App Review: ChitChat For Facebook

Chat applications abound for different users in diverse platforms. One key direction in surviving the glut is to specialize. Chit Chat for Facebook takes up the slack in Facebook’s poor showing on the chat arena. Athena IT Limited developed the standalone and the browser versions for Facebook messaging and chatting.

Chit Chat Facebook Chat

Chit Chat Facebook Chat, available in standalone or browser mode. (Image: Chit Chat)

The standalone version requires a download and installation of the instant messaging (IM)-type app. My download got snagged by the adware (ADW_KRADARE) warning delivered by Trend Micro. I chose to discontinue the download and opted for the browser version of Chit Chat.

Chit Chat Adware

Trend Micro stopped the download of Chit Chat standalone because it found adware embedded in the installation file.

Off the bat, I did not like the permissions Chit Chat (browser version) wanted from me: Access My Data Any Time? No thanks. I recently wrote about the need to check what types of permissions you should allow apps to have on your system. If you see an app that has been flagged as an adware “carrier”, you don’t want this app poking around in your folders. You won’t like apps like these accessing your friends’ contact info as well.

Facebook Permissions for Chit Chat

Chit Chat wants to have this level of access to your (and your friends') account (Image: Facebook)

Facebook developers explained “anytime data access” as a short-term permissions token that

Enables application(s) to perform authorized requests on behalf of the user at any time. By default, most access tokens expire after a short time period to ensure applications only make requests on behalf of the user when the are actively using the application.

The expiry of the token still depends on the app developer’s instructions though.

I closed all the permissions Chit Chat required, clicked Skip, and was pleasantly surprised to see Chit Chat browser open. The UI looked ok. Bare, but functional. I didn’t care for the color scheme, but then again, it’s a free app. Since I didn’t allow Chit Chat to access my (and my friends’) contact info, everyone was offline. I closed the window and tried again — this time allowing access to me and my friends’ contact info (I chose not to give permission for access to my news feeds and to my data), and played round with the app. Everything worked well, albeit slowly.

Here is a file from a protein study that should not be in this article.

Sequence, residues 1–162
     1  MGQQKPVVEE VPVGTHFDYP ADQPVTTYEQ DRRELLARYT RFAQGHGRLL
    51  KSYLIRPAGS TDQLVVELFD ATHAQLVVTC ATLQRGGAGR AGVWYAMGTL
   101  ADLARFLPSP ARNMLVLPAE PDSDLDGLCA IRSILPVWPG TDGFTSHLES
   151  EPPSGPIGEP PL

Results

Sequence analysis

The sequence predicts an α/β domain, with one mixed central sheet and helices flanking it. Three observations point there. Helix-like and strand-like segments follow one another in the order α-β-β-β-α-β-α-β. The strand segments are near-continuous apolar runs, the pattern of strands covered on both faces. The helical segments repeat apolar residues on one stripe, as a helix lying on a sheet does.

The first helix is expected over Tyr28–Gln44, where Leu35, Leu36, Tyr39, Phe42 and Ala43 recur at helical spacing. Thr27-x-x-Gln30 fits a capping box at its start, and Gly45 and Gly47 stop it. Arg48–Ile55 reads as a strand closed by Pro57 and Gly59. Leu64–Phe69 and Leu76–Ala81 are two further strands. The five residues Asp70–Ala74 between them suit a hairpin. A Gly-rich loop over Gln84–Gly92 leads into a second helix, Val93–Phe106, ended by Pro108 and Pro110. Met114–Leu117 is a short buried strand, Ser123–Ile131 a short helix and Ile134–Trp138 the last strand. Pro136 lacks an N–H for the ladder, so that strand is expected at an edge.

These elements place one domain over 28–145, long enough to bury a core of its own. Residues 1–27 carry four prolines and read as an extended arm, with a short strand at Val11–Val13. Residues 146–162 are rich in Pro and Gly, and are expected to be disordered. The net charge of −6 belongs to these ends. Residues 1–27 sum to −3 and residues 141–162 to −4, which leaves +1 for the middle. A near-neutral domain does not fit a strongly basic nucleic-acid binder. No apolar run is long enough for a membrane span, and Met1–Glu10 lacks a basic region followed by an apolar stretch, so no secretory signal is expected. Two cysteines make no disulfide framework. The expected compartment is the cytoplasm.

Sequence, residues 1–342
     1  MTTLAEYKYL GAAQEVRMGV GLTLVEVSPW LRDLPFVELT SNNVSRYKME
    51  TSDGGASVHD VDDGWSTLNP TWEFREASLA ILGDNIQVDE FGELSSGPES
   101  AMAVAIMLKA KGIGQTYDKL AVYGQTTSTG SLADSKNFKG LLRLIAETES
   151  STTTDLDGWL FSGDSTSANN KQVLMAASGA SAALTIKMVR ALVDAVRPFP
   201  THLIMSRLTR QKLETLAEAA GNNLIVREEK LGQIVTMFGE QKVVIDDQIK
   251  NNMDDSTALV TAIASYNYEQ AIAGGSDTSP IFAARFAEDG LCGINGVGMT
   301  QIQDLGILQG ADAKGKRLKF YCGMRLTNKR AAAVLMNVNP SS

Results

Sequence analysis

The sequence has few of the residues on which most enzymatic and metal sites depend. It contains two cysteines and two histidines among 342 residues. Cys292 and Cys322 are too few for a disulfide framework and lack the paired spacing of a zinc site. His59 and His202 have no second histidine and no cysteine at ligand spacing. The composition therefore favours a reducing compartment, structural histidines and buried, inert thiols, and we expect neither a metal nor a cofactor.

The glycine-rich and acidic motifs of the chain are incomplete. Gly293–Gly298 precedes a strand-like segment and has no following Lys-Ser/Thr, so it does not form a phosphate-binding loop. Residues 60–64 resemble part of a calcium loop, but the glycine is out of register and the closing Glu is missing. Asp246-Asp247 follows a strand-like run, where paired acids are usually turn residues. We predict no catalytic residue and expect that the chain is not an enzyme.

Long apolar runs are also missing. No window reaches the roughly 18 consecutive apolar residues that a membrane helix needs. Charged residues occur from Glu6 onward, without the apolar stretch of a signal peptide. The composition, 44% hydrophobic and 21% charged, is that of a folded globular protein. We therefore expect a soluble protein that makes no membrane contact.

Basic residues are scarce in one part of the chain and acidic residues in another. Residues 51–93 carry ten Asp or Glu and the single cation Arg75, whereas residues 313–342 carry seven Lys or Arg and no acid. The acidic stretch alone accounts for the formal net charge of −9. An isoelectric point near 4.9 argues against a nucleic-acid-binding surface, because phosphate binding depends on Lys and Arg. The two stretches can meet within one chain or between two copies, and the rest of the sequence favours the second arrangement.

If you are frustrated with Facebook’s buggy chat app, Chit Chat is a good alternative. But it’s not the only one out there, and it pays to do your research before you download and install any free application.


For a dedicated Facebook chat app, Chit Chat is OK. But a lot of tried and tested IM apps (YM, AIM, MSN) already have FB cross-functionality.


The tabbed chat interface is a nice departure from regular IM chat windows. Many users find the multi-posting on friends’ walls very convenient. The standalone version frees you up from the browser.


The user interface could be improved with simple color changes (tone down the blues and oranges), removing shadows on fonts. The performance could use some tweaking, choosing to go offline was a chore because of slow app response.


The poor UI and slow response would be enough to put me off this app, but the apparent disregard for security and reputation makes Chit Chat lose my vote.

In a review on 4 December 2010, Brian Yang pointed out that on installing the standalone Chit Chat client, he encountered two adware apps disguised as a free browser plugin and a terms of service statement. Yang still gave a 4/5 star review for Chit Chat though.  More than a year after Yang’s review, Chit Chat is still at it, opening your doors to the world of adware and who knows what else. We all have to make a living, but come on…

I guess die-hard FB chatters would find this app useful, but in this age of multi-app integration, Chit Chat just doesn’t cut it for me.